Please be assured of an affectionate remembrance in my prayers for yourselves and for all the alumni of the Venerable English College. I make my own the greeting so often heard on the lips of a great friend and neighbour of the College, Saint Philip Neri, Salvete, flores martyrum! Commending you, and all to whom the Lord sends you, to the loving intercession of Our Lady of Walsingham, I gladly impart my Apostolic Blessing as a pledge of peace and joy in the Lord Jesus Christ. Thank you.

  • MCarroll

    An excellent masterclass by Pope Benedict XVI. Lots of subtext on how the English Bishops and clergy must start to truly and publicly proclaim the Kingdom of God, even at personal cost to themselves (“today not tomorrow”). 

    Many people are ready. They are just waiting to be led to their Salvation through the proclamation of the whole of the truths of Christ (Not just the half truths).

  • http://profile.yahoo.com/PWZKI7JBARE4DDT3NQ22RWMOJE Benedict Carter

    I liked this address. None of your Homo Masses or global warming or get rid of the Holy Days of Obligation nonsense: just be holy priests and get out there and convert the modern pagan Britain back to Christ.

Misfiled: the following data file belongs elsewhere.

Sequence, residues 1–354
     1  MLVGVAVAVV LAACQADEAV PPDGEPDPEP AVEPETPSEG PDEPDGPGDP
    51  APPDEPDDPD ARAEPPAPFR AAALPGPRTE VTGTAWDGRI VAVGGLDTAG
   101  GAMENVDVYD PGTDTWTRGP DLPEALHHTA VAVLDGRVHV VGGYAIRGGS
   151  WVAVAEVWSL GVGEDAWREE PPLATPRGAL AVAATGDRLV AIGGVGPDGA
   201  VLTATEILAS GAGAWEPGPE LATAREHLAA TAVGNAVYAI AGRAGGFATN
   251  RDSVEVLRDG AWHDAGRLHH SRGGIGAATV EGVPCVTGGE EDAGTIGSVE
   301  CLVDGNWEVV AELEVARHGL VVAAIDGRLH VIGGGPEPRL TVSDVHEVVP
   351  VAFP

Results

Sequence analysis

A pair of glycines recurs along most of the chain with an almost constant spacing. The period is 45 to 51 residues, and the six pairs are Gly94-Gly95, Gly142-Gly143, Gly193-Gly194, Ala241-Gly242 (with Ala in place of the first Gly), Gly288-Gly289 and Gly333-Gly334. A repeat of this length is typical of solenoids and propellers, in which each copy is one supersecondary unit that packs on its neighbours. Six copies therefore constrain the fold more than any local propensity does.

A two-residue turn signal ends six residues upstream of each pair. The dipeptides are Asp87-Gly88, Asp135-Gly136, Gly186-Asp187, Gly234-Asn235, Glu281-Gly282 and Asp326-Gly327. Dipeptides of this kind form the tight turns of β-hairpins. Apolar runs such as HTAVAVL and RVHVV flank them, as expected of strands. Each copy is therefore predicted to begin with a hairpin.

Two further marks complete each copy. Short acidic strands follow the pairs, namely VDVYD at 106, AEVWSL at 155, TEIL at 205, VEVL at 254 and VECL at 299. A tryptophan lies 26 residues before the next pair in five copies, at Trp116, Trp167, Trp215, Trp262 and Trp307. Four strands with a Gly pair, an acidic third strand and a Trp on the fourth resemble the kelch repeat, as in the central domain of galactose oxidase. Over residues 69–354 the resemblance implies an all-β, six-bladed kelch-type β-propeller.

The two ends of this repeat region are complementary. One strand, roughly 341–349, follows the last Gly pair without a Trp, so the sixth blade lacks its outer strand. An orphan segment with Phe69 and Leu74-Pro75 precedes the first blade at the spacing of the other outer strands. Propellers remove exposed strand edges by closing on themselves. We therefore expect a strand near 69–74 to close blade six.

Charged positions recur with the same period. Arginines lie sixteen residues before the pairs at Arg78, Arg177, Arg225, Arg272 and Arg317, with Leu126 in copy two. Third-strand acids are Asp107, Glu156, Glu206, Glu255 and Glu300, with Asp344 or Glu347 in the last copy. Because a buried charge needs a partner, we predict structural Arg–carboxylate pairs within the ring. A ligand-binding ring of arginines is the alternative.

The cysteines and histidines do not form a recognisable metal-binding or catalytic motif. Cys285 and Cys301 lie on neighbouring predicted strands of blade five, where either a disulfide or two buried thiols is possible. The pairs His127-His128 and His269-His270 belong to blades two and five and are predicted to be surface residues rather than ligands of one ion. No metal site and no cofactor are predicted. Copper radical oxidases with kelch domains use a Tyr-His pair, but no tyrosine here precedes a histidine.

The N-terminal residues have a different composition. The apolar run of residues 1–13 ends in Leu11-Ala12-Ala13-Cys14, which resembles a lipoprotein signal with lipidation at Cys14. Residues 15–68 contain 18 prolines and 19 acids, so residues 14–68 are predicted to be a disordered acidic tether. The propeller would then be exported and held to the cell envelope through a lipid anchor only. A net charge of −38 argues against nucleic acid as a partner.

• Alexander VI

    I agree. All we have to do is to tell people that unless they are good Catholics they will go to Hell – How  could such an approach fail to be successful? 

  • precusant

    I disagree. Let’s deny the existence of hell and tell people there’s lots of ways to heaven.

  • guest

    Was Chrisianity not already in England before Augustine’s  mission? St. Alban England’s proto-maryr died for the faith in the 3rd or very early 4th century, some 3 hundred years before Augustine. How then can the Holy Father say he was sent  ‘to plant the seeds of Christian faith on Anglo-Saxon soil.’!

  • DPJ

    Augustine more or less came over to bind the already existing Christian population to the authority of Rome.

  • DPJ

    Augustine more or less came over to bind the already existing Christian population to the authority of Rome.

  • GratefulCatholic

    I agree, wonderful and inspiring message from the Holy Father.
    GC 

  • http://profile.yahoo.com/PWZKI7JBARE4DDT3NQ22RWMOJE Benedict Carter

    Which was ALREADY “bound” to the authority of Rome, as St. Alban and the pre-Augustinian flock were Catholics.

  • http://profile.yahoo.com/PWZKI7JBARE4DDT3NQ22RWMOJE Benedict Carter

    Which was ALREADY “bound” to the authority of Rome, as St. Alban and the pre-Augustinian flock were Catholics.

  • guest

    Not all of them. the Celtic Church was not  under Rome. not till after the Council of Whitby in 664.

  • http://profile.yahoo.com/PWZKI7JBARE4DDT3NQ22RWMOJE Benedict Carter

    That old chestnut STILL being peddled?

  • John McCarthy

    Thank you very much for your kind and thoughtful words,Holy Father.

  • Scholar

    Absolutely Marvellous. Excellent in his choice of words and saintly examples.

  • Tike

    What was the Council at Whitby all about then ??